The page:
Trump's election is likely to put on hold any prospect that the Supreme Court will take up Justice Stephen Breyer's recent invitation to his fellow justices to reconsider the constitutionality of capital punishment.
The results of referendum questions on the ballot in California, Nebraska and Oklahoma also brought bad news for abolitionists. Voters in California delivered a double-barreled blow. They rejected Proposition 62, a measure which would have replaced capital punishment for murder with life in prison without parole. They also approved by a narrow margin a separate measure intended to speed up executions. That measure designates special courts to hear challenges to death penalty convictions, limits successive appeals and expands the pool of lawyers who could handle those appeals.
Nebraska voters, by a margin of 61% to 39%, approved reinstating that state's death penalty one year after state legislators voted to abolish it. In Oklahoma, 66% of voters supported State Question 776 declaring that the death penalty cannot be considered cruel and unusual under the state constitution. It added a provision that "any method of execution shall be allowed, unless prohibited by the United States Constitution."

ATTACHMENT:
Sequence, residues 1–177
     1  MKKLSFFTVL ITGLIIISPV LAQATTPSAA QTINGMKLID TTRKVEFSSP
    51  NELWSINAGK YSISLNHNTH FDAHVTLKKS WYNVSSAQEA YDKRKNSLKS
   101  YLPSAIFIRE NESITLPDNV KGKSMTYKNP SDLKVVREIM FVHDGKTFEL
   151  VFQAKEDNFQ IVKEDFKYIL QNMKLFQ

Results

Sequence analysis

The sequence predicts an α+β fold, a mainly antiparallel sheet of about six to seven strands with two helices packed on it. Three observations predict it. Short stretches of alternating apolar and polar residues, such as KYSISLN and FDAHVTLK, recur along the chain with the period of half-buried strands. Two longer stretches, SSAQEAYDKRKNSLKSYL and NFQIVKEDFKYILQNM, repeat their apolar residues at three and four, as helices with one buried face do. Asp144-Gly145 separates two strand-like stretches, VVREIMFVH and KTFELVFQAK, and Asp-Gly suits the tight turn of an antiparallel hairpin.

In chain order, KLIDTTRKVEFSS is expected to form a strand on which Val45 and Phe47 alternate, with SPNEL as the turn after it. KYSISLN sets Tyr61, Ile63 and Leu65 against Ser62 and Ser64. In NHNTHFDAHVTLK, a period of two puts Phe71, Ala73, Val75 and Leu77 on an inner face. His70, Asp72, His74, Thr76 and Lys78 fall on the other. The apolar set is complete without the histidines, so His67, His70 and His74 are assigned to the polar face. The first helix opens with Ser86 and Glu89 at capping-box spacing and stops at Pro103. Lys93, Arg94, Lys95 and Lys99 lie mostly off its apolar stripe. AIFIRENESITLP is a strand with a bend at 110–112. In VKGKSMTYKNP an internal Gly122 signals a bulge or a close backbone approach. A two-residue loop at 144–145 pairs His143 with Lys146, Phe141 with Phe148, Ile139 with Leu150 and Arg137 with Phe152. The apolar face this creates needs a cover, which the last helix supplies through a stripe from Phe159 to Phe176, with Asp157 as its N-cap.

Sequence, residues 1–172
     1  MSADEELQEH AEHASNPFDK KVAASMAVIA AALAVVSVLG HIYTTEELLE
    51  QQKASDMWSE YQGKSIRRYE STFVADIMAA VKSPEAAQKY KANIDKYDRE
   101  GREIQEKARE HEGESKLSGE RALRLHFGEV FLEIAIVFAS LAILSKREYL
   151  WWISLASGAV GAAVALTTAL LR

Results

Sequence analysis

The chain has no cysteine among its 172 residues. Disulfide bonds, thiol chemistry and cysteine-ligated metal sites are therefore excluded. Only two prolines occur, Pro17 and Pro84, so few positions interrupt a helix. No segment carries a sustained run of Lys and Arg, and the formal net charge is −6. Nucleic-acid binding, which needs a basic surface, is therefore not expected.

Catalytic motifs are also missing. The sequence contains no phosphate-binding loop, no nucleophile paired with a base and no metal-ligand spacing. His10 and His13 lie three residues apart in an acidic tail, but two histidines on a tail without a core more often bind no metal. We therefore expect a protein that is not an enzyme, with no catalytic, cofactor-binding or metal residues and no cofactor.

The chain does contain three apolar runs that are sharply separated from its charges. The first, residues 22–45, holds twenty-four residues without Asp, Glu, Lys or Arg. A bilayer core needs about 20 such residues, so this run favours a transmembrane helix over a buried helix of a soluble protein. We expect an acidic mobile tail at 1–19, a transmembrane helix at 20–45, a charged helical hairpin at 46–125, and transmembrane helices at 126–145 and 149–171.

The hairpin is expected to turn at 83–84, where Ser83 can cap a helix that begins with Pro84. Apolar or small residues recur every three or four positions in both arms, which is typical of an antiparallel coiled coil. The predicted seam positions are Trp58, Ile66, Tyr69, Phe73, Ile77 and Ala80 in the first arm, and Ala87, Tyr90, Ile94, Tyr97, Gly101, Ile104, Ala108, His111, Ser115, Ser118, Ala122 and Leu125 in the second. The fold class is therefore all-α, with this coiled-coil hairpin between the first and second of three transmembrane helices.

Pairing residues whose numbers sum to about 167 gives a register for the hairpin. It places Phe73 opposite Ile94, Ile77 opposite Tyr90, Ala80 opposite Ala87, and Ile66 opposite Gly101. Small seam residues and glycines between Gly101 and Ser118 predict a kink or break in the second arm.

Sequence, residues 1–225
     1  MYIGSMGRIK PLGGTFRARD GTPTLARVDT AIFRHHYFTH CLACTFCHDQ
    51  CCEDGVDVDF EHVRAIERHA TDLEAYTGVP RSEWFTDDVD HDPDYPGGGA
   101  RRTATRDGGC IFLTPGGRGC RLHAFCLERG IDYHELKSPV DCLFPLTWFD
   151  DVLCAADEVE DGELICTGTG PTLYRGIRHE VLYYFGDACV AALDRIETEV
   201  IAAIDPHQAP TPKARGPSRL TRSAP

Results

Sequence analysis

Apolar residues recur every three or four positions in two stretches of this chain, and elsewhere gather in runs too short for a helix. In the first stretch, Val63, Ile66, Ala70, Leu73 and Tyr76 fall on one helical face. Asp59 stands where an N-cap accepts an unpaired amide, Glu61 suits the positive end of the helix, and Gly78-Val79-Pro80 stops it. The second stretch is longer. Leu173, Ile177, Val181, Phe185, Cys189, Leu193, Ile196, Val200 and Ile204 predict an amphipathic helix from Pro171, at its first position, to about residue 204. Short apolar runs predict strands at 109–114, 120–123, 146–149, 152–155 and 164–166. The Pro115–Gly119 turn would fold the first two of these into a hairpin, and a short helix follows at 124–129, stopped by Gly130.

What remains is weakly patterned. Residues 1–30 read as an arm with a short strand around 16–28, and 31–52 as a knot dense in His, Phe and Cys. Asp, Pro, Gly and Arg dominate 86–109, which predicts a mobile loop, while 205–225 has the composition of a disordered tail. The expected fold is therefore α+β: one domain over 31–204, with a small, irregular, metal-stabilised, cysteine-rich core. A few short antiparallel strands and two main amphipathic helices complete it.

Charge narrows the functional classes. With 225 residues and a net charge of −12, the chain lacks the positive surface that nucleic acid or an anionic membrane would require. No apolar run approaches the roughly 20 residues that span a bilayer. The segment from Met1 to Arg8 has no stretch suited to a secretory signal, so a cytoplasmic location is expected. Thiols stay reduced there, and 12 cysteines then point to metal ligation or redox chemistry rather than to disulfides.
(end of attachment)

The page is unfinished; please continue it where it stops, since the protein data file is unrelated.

Despite these electoral victories, the likelihood of a reversal of fortune for capital punishment is remote. The high costs of capital prosecutions, serious doubts about the reliability of capital convictions, concerns about arbitrariness in death sentencing, and the difficulty of finding reliable methods of execution remain. These issues have allowed death penalty opponents to build their case state by state, appealing to public officials and offering them a different way to frame opposition to capital punishment.
Over the last decade, that strategy has led to judicial or legislative abolition in New York, New Jersey, New Mexico, Illinois, Connecticut, Maryland, Nebraska (a decision reversed by Tuesday's referendum) and Delaware. Its success can also be seen in the dramatic drop in the number of death sentences handed out across the United States. They have been cut from 315 in 1996 to 49 in 2015. The number of executions also has declined significantly, going from 98 in 1999 to 28 last year.
These changes have occurred because abolitionists have reframed the way many judges, legislatures, and governors think about capital punishment. The focus of political and legal debates has moved from moral and philosophical abstractions toward a careful consideration of the way the death penalty works in practice. Even after the recent election, public officials can continue to oppose the death penalty by questioning whether its day-to-day practices are compatible with central American values, like due process and equal treatment....